I thought "the Heist" ability would provide an interseting incentive to Thief PCs. It ended up not being used. I've gone off bonus XP in general, except for frivolous spending. "Lucky" and "Very Lucky" are quite good.

Everyone wants to play a wizard. I don't think I can get away from that. I could make wizards less interesting (boo!) or make the other classes more wizardy (why?), but instead I'm just going to give Wizards fewer options and a bit more squishiness. Players tend to alternate between spellcasting classes and non-spellcasting classes.

My players never really used "Spell Breeding". They tend to neglect downtime in favour of more risky exploring. "Book Casting" also rarely gets used, mostly because of player skill (or the lack of it). I'm not going to drop either one, but I'm going to try and get more use out of them.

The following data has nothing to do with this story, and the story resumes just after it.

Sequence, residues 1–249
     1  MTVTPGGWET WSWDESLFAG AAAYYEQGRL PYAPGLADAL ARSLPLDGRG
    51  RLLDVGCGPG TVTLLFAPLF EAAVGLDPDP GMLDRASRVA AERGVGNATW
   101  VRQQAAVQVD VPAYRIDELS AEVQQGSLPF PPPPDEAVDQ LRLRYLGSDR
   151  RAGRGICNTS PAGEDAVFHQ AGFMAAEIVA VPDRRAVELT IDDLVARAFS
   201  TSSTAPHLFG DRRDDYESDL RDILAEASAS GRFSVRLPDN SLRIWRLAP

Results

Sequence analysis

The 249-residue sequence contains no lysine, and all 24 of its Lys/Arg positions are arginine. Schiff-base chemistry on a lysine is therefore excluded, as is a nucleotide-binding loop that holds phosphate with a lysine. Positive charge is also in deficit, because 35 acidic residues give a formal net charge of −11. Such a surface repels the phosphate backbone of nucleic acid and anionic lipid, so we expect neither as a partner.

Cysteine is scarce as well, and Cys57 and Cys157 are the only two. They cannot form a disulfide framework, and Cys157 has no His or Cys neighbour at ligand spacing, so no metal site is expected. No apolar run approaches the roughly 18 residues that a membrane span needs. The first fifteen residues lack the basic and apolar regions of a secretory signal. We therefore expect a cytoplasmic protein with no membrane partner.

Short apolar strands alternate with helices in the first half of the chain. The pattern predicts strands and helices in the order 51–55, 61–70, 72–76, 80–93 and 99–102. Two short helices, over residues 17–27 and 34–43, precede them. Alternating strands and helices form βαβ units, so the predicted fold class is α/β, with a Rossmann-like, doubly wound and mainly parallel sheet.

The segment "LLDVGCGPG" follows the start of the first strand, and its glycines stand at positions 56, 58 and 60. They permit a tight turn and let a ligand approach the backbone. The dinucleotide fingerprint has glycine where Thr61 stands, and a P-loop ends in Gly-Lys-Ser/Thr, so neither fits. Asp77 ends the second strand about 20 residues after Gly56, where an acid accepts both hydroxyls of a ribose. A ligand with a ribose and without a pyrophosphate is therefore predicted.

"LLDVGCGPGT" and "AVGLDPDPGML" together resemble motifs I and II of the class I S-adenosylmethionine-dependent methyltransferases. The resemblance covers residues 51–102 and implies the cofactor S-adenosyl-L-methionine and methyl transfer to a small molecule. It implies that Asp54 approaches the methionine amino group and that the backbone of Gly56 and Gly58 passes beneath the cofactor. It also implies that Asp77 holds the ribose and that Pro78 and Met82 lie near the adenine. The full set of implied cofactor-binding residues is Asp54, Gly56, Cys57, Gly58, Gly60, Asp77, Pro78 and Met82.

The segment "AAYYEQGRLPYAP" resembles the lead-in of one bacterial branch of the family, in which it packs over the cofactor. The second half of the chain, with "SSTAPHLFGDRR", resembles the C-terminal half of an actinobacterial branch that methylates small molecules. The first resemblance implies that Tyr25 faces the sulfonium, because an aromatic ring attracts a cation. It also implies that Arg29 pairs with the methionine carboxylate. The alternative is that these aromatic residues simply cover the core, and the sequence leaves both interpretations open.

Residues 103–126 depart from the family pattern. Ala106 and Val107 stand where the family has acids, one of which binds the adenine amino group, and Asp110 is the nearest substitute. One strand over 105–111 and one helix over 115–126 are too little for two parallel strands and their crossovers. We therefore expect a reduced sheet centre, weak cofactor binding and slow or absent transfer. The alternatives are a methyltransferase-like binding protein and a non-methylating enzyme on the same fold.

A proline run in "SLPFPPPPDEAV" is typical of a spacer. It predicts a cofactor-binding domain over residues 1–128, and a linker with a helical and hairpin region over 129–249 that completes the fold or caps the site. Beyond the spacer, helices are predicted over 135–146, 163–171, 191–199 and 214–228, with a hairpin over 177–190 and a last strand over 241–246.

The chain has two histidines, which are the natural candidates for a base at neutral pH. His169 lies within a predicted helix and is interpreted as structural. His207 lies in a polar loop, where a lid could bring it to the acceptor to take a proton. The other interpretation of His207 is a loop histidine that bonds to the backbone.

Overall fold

Wizards currently gain 2 spells at template A, 1 at B, 1 at C, and 6 at D. I'm going to drop that to 2/1/1/ and 2. Arnold had it so that you could only gain Emblem spells as treasure. I never bothered with that; I prefer generalized randomized treasure rather than crafting PC-specific stuff. Anyway, I'm going to limit it to choosing one of two Emblem spells with Template D. Individual wizard schools will need to be adjusted in accordance with these principles. I'll also sort them into Core/Extra/Novelty schools at the same time.

Extra Classes

These classes do something a Core class does (but differently), or solve a rare type of problem, or compliment a Core class.

They work really well. Every ability harmonizes.